Although most social scientists recognize that the nation-state continues to regulate the beliefs, actions, and behaviors of its citizens, others suggest that increased transnational mobility and cross-cultural interaction have the potential to transform identities and worldviews. Among these, American philosopher Martha C. Nussbaum has expressed hope that a more closely connected world may foster cosmopolitanism. International high schools (defined as those that teach the curriculum of a country other than the one in which the school is located) are one context in which to explore the impact of globalization on worldviews, identities and behaviors. China’s rising nationalism and increased openness to the forces of globalization make it an ideal context in which to explore concepts of nationalism and cosmopolitanism. I will present preliminary findings from a mixed methods research project conducted at a Canadian curriculum high school in Beijing that caters primarily to Chinese nationals. I explore nationalistic and cosmopolitan attitudes, behaviors, and identities among the students at the school. In particular, the talk will address the following research question: do students at the Canadian curriculum school express a strong sense of nationalism and Chinese identity, despite exposure to a more globalized educational environment, or do they challenge boundaries created by national and ethnic identities and express a sense of connectedness to the global community? I will also draw on follow-up interviews with graduates of the school currently attending university in Canada. This research project will advance our understanding of cosmopolitanism, the role of education in identity formation, and the impact of globalization on national identity.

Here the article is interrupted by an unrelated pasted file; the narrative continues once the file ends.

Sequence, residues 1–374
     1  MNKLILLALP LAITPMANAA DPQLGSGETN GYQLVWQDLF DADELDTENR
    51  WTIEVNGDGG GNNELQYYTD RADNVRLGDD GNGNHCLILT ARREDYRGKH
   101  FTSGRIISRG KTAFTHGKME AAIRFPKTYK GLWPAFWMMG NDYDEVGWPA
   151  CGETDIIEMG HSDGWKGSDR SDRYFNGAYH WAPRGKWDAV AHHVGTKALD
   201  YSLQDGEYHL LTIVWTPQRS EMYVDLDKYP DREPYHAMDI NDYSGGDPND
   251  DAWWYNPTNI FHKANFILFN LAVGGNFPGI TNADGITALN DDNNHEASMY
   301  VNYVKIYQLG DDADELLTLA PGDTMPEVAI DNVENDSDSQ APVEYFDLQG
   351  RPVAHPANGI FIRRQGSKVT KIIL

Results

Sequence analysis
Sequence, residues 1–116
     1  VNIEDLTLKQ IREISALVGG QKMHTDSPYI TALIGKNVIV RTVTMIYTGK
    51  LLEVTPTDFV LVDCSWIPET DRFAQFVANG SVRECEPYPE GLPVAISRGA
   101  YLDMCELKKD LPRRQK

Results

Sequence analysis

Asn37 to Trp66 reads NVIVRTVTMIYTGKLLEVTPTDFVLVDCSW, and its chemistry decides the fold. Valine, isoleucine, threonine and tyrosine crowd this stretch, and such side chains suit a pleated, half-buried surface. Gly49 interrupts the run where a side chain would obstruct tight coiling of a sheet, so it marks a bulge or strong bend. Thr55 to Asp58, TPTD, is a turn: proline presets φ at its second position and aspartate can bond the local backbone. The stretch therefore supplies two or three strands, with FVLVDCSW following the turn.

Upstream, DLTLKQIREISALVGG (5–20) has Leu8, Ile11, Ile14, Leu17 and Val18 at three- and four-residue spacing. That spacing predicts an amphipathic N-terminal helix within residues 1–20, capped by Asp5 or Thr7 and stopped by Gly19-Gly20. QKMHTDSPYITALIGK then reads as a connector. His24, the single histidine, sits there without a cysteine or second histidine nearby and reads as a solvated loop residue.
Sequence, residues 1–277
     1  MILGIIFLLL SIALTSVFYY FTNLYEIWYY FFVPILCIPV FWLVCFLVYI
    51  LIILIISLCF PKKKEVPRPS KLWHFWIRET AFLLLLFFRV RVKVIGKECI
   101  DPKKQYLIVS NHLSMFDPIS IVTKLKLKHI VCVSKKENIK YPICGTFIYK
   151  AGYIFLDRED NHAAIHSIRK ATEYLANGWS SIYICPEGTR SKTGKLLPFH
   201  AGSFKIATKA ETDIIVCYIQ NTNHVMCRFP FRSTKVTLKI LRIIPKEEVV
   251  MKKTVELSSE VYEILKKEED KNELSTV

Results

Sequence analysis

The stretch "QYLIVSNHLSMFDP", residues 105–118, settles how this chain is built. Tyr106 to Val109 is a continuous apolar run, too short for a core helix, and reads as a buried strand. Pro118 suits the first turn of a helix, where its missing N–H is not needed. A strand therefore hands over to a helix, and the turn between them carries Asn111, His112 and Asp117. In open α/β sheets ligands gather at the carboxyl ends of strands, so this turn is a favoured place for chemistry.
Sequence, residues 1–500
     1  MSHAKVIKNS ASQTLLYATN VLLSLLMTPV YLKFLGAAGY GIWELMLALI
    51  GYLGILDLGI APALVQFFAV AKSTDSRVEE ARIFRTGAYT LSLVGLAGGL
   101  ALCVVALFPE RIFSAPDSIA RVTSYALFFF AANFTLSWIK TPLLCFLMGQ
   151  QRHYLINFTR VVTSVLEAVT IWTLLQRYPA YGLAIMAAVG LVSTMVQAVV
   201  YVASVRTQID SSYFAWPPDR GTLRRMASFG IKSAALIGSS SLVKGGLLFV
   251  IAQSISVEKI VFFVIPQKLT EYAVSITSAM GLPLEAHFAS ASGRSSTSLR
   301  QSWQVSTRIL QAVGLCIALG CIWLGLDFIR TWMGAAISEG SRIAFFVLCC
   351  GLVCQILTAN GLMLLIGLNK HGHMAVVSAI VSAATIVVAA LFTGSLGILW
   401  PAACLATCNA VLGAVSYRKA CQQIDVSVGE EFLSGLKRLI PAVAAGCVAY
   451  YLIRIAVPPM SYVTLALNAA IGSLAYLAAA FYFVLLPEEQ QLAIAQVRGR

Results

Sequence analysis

Open to all, lunch provided.